Dia de los Muertos
Dia de los Muertos (Day of the Dead) is a special holiday celebrated annually in Mexico and parts of the United States honoring deceased loved ones. It embodies the belief that death is a natural and necessary part of life, inviting participants to celebrate rather than mourn. During the celebration, families and friends of departed loved ones create a space for them to return to the world of the living and celebrate those things which they enjoyed in life.
Saturday, October 7
10:30 a.m. - Parade begins in Overton Square in the Tower Courtyard
12:15 p.m. - Festival begins at Memphis Brooks Museum of Art
The museum, along with Cazateatro and Danza Azteca, holds this biennial event, where families are invited to honor ancestors and celebrate the cycle of life and death.
Admission is free.
The inaugural Dia de los Muertos Parade begins with a short performance in the Tower Courtyard at Overton Square at 10:30 a.m. with floats and performers making their way to the plaza at the Brooks Museum beginning at 11 a.m.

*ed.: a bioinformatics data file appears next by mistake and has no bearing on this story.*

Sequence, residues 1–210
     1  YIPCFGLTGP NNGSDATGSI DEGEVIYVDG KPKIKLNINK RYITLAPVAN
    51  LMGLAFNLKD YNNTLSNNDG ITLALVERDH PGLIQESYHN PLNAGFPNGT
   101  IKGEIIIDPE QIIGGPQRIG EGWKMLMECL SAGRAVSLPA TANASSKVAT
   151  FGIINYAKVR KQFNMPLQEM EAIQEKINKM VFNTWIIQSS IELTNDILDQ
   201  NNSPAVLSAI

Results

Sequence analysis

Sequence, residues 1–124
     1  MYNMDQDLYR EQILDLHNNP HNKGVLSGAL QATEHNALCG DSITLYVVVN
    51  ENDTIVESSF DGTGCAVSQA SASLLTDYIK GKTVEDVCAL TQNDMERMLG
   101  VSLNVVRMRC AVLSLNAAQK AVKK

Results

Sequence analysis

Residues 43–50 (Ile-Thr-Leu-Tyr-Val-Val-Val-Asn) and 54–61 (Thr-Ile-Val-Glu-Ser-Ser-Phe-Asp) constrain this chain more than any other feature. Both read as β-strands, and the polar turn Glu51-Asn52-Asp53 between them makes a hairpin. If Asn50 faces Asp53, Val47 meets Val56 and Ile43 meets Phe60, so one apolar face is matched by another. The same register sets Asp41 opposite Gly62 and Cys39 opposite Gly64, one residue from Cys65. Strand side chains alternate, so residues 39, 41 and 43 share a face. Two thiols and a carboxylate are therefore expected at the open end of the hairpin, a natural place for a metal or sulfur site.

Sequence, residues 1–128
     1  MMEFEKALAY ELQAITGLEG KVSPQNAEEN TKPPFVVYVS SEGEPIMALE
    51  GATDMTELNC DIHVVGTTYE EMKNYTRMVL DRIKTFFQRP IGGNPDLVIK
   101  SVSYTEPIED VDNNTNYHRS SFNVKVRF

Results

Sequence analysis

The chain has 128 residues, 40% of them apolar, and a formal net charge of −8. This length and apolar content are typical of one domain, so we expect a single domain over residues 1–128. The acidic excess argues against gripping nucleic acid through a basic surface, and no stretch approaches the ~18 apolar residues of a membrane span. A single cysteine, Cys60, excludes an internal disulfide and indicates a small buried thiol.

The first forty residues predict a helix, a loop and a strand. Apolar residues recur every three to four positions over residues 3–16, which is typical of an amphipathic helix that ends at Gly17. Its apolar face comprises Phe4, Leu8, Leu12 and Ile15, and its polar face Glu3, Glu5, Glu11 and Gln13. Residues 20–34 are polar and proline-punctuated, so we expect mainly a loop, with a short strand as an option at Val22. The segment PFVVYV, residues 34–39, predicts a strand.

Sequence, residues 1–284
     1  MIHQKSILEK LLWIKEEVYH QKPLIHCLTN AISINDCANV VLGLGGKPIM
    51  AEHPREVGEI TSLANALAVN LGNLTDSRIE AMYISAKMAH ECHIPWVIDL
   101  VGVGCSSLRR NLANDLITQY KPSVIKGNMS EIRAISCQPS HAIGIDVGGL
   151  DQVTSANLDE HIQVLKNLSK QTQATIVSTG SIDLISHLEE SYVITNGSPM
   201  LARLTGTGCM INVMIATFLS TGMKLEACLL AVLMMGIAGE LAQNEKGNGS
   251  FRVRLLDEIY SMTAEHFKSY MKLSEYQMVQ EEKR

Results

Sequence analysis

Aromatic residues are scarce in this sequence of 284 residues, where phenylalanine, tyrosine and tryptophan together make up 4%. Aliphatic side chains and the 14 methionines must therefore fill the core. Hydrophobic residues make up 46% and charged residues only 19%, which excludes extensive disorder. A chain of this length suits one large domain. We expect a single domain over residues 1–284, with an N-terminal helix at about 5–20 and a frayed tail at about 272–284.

The community celebration at the Brooks will offer art-making activities, face painting, music, costumed performers, dance performances and a Frida Kahlo costume contest. Please come dressed in your best Frida-inspired attire! The contest has four age categories: 6 and under, 7-12, 13-18 and 18 and over. The winners will be announced at 1:30 p.m.
Performers include Stax Music Academy, Inner City South, Herencia Hispana, Cazateatro, Alejandro Walls, Mariachi Guadalajara, Danza Azteca Quetzalcoatl de Memphis and Tropical Fusion.
The festival begins at the Brooks at 12:15 p.m. and ends at 3 p.m. and admission is free. There will be a small charge for face-painting. Festival-goers can also purchase lunch from Cafe Brooks by Paradox or the several food trucks which will be parked near the plaza.
Throughout the day, Mariachi Guadalajara and several Catrinas (opulently dressed skeleton figures based on José Luis Posada’s icon of death) will also appear at the Brooks. Memphians are invited to join the celebration by bringing a copy of a photograph of a deceased loved one to place on a community altar. Please make sure the photograph is not the original copy.
Click through this album to see photos from the 2015 celebration: